Galliett, who was also an experienced land surveyor, told Blackard that he was confident in his ability to determine the distance, which he estimated as almost exactly one mile. Besides the “eyeball test,” he said that he also knew — because he’d been wearing a Swiss-style waterproof Wittnauer watch — that his swim to shore had taken him approximately one hour. As an experienced swimmer, he estimated that he had been traveling through the frigid waters at a rate of one mile per hour.

However, Blackard and Johnston chose not to heed Galliett’s measurements. Instead, after they had paid Cordova Airlines for the plane, they sent hired divers to search only 3,850 feet out from shore, because a Cordova Airlines pilot named Gene Effler had flown the area back and forth in his Piper Cub and had estimated that to be the proper distance.

“They tried at 3,850 feet or thereabouts for three or four days, with no result,” Galliett said. “They were getting very worried. They had $9,000 (more than $61,000 in today’s money) into this venture of theirs. It looked like they weren’t going to find anything. It’s a pretty deep lake, and they already knew it (the plane) was about 140 feet deep.”

Frustrated, Blackard and Johnston turned to Galliett’s recommendation.

“They got a boat and a rope of measured length, and they got down to the spot where I said it was,” Galliett recalled. “And for three days they fooled around down there, dragging the bottom — and by golly they found the plane, right there, right where I said — pretty close, anyway — damn close. And they got it out.”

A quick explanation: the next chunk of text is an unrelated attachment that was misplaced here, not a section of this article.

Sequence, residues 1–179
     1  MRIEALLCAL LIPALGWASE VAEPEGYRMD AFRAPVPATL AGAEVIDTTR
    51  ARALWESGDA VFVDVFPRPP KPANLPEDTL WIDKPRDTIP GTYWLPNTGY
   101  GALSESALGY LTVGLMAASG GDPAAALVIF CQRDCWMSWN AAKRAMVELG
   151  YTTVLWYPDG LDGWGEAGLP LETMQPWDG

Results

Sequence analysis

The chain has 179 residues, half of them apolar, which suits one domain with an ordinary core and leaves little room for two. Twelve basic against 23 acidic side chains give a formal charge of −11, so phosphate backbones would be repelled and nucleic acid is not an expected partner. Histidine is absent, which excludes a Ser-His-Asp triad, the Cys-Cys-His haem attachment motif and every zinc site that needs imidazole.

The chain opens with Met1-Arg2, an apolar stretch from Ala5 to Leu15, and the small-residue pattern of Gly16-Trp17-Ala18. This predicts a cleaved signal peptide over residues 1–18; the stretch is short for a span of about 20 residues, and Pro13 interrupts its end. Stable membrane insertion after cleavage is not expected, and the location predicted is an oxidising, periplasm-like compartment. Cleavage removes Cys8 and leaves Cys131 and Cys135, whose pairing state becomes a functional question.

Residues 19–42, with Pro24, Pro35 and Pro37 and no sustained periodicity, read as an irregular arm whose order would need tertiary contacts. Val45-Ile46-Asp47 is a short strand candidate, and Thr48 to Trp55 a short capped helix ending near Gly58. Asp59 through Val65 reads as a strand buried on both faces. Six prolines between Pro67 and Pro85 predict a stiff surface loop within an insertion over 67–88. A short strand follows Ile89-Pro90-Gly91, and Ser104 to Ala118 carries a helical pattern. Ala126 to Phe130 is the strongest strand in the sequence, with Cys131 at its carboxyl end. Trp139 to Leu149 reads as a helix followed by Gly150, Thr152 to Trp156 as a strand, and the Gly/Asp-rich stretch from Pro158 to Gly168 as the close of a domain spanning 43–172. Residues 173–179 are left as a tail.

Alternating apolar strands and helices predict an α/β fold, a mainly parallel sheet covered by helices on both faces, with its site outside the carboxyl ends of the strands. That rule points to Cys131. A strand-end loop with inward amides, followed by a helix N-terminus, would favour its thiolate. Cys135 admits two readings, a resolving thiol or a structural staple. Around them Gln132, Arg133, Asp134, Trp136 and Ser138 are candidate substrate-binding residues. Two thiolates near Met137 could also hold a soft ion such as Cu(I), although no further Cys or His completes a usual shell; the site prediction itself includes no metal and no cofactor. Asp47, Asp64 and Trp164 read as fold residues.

The accident had occurred Sept. 4, one mile out from Point Lake, which lies just north of Tustumena’s northern shoreline, approximately halfway between Moose Creek and Bear Creek. By the end of that month they had the plane ashore.

“They worked as fast as they could, but to recover the plane they had to get straps under it and raise it a foot or two (using flotation), drift toward shore with it, and then tighten the straps.”

Divers had affixed the straps to the plane, and through this lifting-and-moving strategy, they incrementally raised the aircraft and brought it in to land.